Candy Chan concurs that, “global sustainability targets tend to be more focused on new buildings.”
Duncan Philips wonders, “How can we be expected to adapt older buildings to meet government targets, if those targets have not been designed with any heritage impact?”
How can we be expected to adapt older buildings to meet government targets, if those targets have not been designed with any heritage impact?
Director and Founder, Listed Building Surveys
Candy Chan takes confidence from her experiences thus far.
“Hong Kong is promoting low carbon living in adaptive reuse projects; they purposefully do not install air conditioning. The buildings in the old days were designed to make use of the natural winds, have bigger windows to get natural light. If we can make use of these design features which are inherited in the building, we can help to reduce the energy consumption and reduce the reliance on air conditioning.”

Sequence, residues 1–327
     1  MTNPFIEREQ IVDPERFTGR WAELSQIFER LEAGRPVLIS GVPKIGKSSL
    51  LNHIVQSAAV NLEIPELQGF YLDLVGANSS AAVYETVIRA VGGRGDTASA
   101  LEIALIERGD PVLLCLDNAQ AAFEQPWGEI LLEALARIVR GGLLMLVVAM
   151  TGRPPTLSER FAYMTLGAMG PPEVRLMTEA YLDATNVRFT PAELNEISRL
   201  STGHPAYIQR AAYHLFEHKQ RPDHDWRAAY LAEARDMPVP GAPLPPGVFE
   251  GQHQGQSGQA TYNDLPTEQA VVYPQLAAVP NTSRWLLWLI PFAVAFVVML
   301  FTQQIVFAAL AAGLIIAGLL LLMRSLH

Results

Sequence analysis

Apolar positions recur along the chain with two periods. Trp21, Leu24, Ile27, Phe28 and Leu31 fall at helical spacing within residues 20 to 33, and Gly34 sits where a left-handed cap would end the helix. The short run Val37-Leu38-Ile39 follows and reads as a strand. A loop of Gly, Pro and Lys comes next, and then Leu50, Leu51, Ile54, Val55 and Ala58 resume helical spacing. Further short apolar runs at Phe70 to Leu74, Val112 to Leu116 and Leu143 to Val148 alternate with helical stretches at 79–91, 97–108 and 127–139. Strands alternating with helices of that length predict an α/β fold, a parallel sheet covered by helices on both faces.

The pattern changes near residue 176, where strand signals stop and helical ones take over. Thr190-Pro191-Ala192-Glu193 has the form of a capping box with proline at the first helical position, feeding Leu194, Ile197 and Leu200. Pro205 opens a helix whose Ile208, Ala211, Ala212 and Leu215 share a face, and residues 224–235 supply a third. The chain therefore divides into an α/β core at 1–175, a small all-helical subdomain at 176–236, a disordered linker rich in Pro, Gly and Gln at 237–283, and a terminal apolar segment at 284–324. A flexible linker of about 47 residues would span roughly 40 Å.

Warren Adams echoes Ms Chan’s confidence. “Many of our older buildings were designed for the climate. If we restore them appropriately and introduce the elements that help to keep a building cool, then we can reduce usage of air conditioning. We also encourage people to utilise underused and vacant buildings. And we’re retrofitting buildings for operational efficiency and to encourage micro-generation of power in historic buildings.”
Robin Miller expands on the theme. “We could do a lot more to ask building owners to improve energy efficiency in their buildings.”
Duncan Philips, broadly in agreement with the other panellists, urges a shift in mindset. “I don’t understand why, in some sectors, there is this presumption that new build is better than what we already have. I don’t think that we need to decarbonise, we should be looking for better and more environmentally sensitive ways of generating energy.”
Edward Relph is an Emeritus Professor of Geography and Planning at the University of Toronto. He is the author of Place and Placelessness (Pion 1975), along with numerous other books, articles and chapters on place, sense of place and landscape. In this, the concluding chapter of The History and Future of Places he argues that a new basis for thinking about places is emerging.